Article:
What did you study?

“My course was English and Related Literature. The department was headed by Philip Brockbank and one of my earliest memories is of a seminar in which we were studying a poem by W B Yeats with the line: ‘And Juno’s Paycock [peacock] screamed’. Brockers asked us whether we knew what a peacock’s scream sounded like and when he met a sea of blank faces stood and proceeded to give a loud wailing imitation of it. The related bit was Latin, the module being called Horace and the English Horatians with Brian, later Professor, later Lord Morris as tutor – one of the great York characters!”

What was it like being at a university with just over 200 students?

“It was a bit more than 200 by the time I arrived but it did mean that at least for those in College (and I spent my first year as an inmate of Langwith) almost everybody knew everybody else. I shared a double room with a chubby student from Manchester who was studying Social Sciences. At first we didn’t get on too well (chalk and cheese) but later ‘grew on each other’ and shared a flat in our second year. Pete distinguished himself as social secretary of the SRC by booking the up and coming Jimi Hendrix for a St Valentine’s-tide dance but was less distinguished academically, failing his Part Ones and migrating to Essex University, where he was more successful.”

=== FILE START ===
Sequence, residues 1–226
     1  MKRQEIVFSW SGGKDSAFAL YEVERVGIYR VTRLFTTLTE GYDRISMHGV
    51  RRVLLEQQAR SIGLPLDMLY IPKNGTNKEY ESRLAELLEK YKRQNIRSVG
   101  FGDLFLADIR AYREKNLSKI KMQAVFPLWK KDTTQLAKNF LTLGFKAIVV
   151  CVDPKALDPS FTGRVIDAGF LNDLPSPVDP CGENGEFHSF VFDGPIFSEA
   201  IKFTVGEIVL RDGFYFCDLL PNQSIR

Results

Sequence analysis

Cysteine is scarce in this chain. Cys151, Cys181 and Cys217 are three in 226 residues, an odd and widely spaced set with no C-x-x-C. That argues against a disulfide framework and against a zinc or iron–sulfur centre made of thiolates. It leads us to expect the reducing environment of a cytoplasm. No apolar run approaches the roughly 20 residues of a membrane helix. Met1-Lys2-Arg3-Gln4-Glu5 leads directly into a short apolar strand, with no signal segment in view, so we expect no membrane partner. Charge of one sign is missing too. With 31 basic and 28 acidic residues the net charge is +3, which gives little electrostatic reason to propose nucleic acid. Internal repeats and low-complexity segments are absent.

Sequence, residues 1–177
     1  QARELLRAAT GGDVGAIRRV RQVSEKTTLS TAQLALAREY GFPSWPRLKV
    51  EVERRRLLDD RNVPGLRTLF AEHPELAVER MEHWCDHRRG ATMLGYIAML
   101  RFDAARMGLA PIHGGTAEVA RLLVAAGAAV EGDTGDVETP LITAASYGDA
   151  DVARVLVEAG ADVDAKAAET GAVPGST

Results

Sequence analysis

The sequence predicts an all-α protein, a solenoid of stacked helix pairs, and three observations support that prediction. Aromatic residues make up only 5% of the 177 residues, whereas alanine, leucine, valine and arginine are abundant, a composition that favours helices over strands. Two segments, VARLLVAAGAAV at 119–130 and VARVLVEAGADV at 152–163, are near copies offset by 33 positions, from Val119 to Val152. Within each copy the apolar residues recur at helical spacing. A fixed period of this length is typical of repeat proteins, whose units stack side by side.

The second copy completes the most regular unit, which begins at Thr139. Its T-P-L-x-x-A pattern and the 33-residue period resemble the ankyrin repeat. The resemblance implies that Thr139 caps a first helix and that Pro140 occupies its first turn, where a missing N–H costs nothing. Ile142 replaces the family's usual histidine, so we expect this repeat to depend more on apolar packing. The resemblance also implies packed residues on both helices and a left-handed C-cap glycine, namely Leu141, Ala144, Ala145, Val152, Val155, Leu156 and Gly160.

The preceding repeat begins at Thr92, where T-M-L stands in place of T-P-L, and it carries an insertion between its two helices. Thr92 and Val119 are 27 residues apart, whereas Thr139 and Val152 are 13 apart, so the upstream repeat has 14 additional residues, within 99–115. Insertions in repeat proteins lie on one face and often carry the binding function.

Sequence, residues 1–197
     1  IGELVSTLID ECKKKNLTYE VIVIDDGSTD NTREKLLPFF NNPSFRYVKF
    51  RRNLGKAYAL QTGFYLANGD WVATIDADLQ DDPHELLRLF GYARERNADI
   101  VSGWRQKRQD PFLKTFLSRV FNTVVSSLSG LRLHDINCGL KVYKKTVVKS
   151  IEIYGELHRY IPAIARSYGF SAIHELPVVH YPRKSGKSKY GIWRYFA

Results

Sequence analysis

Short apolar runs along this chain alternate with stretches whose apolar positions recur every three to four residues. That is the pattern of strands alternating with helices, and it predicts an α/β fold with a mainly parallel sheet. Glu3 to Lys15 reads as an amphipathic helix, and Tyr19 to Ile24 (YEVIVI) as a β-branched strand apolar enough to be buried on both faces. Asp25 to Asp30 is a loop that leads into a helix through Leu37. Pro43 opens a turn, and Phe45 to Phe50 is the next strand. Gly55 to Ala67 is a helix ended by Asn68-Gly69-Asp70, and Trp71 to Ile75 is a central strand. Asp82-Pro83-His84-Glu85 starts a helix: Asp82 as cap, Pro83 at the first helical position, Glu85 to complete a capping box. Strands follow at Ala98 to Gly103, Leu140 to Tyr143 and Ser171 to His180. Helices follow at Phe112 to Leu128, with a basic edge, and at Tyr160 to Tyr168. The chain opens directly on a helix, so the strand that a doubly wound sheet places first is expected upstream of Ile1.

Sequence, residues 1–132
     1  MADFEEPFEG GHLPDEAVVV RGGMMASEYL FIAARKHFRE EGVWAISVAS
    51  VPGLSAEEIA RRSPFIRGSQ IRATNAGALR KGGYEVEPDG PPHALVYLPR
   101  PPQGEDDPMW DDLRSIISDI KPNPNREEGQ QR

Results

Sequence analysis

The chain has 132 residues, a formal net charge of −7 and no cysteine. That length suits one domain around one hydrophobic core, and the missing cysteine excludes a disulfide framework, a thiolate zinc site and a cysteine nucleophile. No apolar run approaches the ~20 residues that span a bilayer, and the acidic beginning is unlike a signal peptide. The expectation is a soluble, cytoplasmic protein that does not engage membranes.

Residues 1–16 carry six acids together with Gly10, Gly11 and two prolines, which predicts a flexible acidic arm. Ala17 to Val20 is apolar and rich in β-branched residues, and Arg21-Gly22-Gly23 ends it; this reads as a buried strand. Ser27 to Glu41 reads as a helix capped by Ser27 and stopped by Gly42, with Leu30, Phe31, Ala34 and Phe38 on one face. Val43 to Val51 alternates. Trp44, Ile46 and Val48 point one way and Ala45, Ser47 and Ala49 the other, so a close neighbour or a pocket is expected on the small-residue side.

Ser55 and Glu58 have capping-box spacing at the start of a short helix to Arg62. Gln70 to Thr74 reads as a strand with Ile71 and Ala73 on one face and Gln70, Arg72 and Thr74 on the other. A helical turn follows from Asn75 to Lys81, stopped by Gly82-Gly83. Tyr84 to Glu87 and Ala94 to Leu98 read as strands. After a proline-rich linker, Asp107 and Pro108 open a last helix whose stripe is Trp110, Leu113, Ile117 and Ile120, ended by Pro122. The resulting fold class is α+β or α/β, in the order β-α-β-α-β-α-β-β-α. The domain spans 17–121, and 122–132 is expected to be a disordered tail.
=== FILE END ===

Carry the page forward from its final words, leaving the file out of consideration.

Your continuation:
Can you describe the atmosphere?

“I remember arriving on the campus in October 1965. It still looked like a building site and the representatives of the JCR detailed to show the newcomers where to go seemed to be equally lost. There was a lot of talk about CLASP, the prefabricated building system used for the first colleges and then there was the iconic water tower on the then eastern extremes of the campus on the other side of Heslington Lane.”

How many colleges existed when you were a student?

“At first just the two, Langwith and Derwent but in 1967 the second pair, Vanbrugh and Alcuin, opened and I was one of several who responded to an appeal to transfer to (in my case) Vanbrugh in order to give them a bit of maturity and solid wisdom (some hope!).”

Were you there when the Queen and Prince Philip came to open Langwith and Derwent officially in 1966?

“1965, in fact. My diary entry for October 22nd only states that I saw the Queen and ‘Phil’ – I assume I must have been in Langwith at the time. I also wrote an extremely bad poem on the occasion which refers to The Queen in a turquoise coat Pulling down cords and acknowledging cheers.”

What did a ‘student night out’ consist of? Going for a beer with the locals?